As Live 10’s new flagship virtual synthesizer, Wavetable packs an impressive array of features into an elegant package – but for those unfamiliar with the fundamentals of wavetable synthesis, it may seem daunting. Take comfort in the fact that Wavetable’s routing largely mirrors that of a typical subtractive synthesizer: a pair of oscillators fed through a pair of multimode filters, all of which can be controlled by three envelopes and a pair of LFOs.
Where wavetable synthesis in general, and Wavetable specifically, diverges from subtractive synthesis is at the oscillator level. Rather than be restricted to a handful of linear, “one-dimensional” waveforms – your standard sine, sawtooth, pulse, etc. – wavetable oscillators combine a variety of adjacent waveforms on a two-dimensional plane: a wavetable.
This allows you to smoothly scroll or morph through multiple – often unconventional – waveforms, fundamentally transforming the timbre of your sound directly at the oscillator level before any filters are applied.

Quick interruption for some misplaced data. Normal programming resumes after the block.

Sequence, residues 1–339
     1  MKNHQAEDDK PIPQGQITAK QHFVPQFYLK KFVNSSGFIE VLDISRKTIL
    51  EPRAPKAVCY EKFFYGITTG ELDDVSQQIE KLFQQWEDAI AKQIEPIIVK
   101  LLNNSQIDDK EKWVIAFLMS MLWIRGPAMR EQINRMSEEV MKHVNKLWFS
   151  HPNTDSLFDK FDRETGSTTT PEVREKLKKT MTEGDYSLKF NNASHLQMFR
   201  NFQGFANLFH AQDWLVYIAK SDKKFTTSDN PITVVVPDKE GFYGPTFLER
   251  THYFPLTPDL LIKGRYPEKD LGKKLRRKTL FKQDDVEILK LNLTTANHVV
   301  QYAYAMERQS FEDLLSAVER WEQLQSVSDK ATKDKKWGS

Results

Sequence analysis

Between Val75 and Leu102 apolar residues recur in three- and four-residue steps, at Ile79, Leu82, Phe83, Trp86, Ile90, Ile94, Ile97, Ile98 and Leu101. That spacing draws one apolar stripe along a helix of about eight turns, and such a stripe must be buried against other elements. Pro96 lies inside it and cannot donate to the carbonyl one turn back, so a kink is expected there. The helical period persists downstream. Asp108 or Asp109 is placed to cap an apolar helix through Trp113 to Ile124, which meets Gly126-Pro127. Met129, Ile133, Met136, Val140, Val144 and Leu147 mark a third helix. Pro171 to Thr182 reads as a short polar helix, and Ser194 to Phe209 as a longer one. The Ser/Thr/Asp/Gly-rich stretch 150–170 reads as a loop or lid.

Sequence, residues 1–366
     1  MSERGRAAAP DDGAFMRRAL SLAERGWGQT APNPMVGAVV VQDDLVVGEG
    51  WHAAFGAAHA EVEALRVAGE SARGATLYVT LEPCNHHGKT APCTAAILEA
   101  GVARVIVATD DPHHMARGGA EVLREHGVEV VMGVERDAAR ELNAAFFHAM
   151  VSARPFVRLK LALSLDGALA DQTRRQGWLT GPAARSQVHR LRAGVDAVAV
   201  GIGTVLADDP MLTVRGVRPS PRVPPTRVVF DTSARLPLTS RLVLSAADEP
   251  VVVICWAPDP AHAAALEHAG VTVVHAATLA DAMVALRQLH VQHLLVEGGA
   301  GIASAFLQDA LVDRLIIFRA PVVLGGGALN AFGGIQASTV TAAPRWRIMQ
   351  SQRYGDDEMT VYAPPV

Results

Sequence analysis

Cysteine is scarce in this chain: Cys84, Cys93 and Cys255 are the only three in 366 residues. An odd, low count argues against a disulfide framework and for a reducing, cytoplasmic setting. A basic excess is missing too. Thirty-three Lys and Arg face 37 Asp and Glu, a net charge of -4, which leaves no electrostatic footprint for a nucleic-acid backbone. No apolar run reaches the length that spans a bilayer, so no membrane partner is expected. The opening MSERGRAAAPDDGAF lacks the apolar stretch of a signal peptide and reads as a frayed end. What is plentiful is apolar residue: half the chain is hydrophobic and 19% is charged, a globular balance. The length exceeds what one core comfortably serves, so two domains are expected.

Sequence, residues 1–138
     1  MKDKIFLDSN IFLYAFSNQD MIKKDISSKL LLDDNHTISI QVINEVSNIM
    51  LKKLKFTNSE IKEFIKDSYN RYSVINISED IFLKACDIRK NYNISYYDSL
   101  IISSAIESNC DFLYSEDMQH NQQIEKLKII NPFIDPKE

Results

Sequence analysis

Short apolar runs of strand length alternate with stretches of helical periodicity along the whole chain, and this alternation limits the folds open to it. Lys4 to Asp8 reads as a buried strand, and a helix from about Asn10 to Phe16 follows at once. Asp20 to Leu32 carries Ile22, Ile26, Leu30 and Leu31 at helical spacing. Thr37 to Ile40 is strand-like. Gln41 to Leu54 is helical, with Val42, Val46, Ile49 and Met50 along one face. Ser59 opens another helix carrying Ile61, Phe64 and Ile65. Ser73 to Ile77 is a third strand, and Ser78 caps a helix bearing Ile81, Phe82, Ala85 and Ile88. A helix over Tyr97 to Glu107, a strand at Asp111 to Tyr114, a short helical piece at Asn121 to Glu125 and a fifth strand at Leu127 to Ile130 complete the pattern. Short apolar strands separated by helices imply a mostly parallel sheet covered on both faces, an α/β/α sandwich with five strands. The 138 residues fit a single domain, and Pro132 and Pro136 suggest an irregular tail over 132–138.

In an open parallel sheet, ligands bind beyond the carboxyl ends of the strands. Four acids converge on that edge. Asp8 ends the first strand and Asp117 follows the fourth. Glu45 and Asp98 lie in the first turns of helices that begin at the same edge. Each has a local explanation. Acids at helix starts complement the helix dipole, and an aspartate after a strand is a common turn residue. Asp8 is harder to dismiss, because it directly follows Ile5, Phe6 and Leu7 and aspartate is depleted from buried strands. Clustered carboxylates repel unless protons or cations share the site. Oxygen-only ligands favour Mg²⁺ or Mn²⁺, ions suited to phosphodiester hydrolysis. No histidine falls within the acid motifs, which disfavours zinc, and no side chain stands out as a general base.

While you could easily just select a timbre via the Wavetable Position slider to find a core tone and leave it at that, wavetable synthesis really shines when modulating the Wavetable Position in order to create dynamically shifting tones. Thankfully, Live’s Wavetable has a highly flexible and intuitive modulation matrix to make mapping easy.
First, let’s explore one of the Wavetable oscillators a bit more thoroughly. Two drop-down menus above left of each oscillator provide, on the left, a selection of wavetable collections, and on the right, the wavetables available within the selected collection. Collections such as Complex, Distortion, or Noise provide grittier tones, while Retro and Vintage, for example, provide more classic analog vibes.